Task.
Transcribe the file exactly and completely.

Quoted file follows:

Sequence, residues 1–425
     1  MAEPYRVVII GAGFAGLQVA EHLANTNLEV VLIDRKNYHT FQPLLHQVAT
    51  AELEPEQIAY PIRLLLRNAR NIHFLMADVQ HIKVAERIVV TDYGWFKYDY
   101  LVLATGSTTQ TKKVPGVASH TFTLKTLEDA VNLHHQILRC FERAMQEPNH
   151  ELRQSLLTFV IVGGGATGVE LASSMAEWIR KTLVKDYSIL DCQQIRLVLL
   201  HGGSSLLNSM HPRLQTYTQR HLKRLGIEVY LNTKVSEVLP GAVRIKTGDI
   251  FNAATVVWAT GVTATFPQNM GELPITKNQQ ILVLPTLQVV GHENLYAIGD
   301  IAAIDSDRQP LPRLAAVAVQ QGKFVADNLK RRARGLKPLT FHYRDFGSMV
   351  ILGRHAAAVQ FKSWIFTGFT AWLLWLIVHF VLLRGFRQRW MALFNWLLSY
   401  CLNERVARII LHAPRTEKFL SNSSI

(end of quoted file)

Sequence, residues 1–425
     1  MAEPYRVVII GAGFAGLQVA EHLANTNLEV VLIDRKNYHT FQPLLHQVAT
    51  AELEPEQIAY PIRLLLRNAR NIHFLMADVQ HIKVAERIVV TDYGWFKYDY
   101  LVLATGSTTQ TKKVPGVASH TFTLKTLEDA VNLHHQILRC FERAMQEPNH
   151  ELRQSLLTFV IVGGGATGVE LASSMAEWIR KTLVKDYSIL DCQQIRLVLL
   201  HGGSSLLNSM HPRLQTYTQR HLKRLGIEVY LNTKVSEVLP GAVRIKTGDI
   251  FNAATVVWAT GVTATFPQNM GELPITKNQQ ILVLPTLQVV GHENLYAIGD
   301  IAAIDSDRQP LPRLAAVAVQ QGKFVADNLK RRARGLKPLT FHYRDFGSMV
   351  ILGRHAAAVQ FKSWIFTGFT AWLLWLIVHF VLLRGFRQRW MALFNWLLSY
   401  CLNERVARII LHAPRTEKFL SNSSI